Labor lawyers advise whether an intern should be paid depends on the following factors:


1) The extent to which the internship provides training similar to the training typically given by an educational institute. This may be hard to meet because most educational facilities do not offer real office work. In addition, internships are usually not classroom experiences, or online education.

2) The degree to which the internship experience benefits the intern rather than the employer. If the Intern is mostly reading case files and then turning in a report for a professor this may not benefit the sponsor of the internship, but how many internships operate in this fashion?

3) Whether the intern displaces regular employees. Even if the intern does not completely displace existing employees, but shares work it does not sound like an internship the company should avoid paying wages on;

4) How closely the intern is supervised by the employees. If the intern is not supervised, it is almost an assumption they are not performing work done by the general business operation;

5) Does the company derive immediate advantages from the intern's activities? This factor would be easy to meet under most circumstances unless the intern is not performing the type of work the company usually does;

6) Is the intern eligible for a job at the conclusion of the internship? If so, the internship may be unpaid training, but what is the effect of unpaid training? Our experience is training directly for the employer is particular training and should be paid. This is also true for existing employees;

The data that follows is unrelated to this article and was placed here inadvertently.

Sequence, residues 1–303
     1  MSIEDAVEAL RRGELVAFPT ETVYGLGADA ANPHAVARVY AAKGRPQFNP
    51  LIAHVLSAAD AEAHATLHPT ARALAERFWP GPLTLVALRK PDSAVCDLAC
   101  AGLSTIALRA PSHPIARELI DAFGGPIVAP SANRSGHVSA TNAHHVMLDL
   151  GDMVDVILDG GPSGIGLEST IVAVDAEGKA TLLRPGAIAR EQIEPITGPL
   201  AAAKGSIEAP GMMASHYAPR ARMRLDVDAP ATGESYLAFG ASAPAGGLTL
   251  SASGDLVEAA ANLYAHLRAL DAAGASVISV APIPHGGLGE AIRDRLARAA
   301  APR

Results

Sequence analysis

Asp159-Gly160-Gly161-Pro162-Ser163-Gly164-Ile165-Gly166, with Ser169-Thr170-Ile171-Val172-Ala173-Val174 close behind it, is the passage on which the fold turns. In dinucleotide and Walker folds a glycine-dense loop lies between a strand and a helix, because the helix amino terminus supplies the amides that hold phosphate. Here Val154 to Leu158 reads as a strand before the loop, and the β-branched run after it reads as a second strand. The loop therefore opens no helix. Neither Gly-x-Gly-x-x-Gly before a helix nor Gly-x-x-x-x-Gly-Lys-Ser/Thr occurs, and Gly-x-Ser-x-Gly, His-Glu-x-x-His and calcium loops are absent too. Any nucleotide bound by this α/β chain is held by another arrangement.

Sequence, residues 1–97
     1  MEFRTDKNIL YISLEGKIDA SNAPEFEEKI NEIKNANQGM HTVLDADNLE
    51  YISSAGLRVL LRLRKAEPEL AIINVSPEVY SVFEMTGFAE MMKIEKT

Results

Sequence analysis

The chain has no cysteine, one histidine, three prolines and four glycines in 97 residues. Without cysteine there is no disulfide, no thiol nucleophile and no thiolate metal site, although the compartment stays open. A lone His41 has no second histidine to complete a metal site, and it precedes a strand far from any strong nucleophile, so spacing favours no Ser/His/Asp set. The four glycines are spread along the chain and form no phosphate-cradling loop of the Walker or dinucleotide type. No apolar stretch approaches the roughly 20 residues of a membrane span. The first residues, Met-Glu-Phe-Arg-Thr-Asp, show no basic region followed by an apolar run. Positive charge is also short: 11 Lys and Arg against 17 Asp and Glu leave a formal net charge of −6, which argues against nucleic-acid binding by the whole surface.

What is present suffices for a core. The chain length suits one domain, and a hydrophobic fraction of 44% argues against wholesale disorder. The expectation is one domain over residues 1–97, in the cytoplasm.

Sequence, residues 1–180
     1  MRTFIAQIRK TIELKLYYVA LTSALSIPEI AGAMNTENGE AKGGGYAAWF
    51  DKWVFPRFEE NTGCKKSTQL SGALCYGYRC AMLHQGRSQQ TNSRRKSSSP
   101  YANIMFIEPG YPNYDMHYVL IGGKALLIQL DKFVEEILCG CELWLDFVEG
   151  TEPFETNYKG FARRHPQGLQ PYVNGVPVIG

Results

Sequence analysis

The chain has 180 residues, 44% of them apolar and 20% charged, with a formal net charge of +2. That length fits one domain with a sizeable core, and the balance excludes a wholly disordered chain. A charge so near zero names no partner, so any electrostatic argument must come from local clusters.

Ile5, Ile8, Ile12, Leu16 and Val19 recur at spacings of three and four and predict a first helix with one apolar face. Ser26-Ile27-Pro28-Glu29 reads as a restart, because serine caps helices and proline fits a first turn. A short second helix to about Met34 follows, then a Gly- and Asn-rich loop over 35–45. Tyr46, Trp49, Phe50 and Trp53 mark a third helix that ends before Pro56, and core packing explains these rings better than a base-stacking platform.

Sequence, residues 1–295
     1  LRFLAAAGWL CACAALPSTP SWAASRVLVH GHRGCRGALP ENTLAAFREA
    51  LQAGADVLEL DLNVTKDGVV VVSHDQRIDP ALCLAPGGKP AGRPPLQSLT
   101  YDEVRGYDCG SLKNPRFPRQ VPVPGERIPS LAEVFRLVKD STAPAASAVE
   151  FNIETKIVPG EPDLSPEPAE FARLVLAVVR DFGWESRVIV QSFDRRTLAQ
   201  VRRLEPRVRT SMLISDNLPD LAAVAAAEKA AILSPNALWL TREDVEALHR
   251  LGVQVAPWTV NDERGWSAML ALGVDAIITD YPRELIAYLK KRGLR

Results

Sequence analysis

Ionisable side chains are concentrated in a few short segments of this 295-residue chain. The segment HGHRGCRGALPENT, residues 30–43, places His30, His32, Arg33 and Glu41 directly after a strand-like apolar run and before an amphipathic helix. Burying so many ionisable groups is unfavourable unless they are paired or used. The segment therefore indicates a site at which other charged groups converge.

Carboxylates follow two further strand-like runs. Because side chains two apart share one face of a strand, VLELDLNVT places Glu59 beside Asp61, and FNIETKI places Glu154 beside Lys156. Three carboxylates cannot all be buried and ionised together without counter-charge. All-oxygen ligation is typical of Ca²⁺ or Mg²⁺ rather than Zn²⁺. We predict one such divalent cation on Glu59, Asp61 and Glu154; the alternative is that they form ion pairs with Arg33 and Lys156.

7) Is there an agreement the intern is not entitled to wages for the intern's work? We are skeptical this will have long term legal effect. Generally agreements are not valid if they violate the law. Perhaps even more important, in the case of independent contractors agreements claiming a worker is an independent contract are not binding merely because they say so. Typically labor law looks more closely on the realities of the employment relationship opposed to a characterization on paper perhaps designed to subvert the law.

Please contact us if you have questions about whether an internship should be paid. If a company uses multiple unpaid interns that may even give rise to a class action. We have seen particular abuses of unpaid internships in the medical field in the case of CNAs and medical assistants. We have also seen abuses in the legal setting in law firms and legal department. Regardless of the industry, we are eager to stop employers from gaining free labor under the guise of an internship.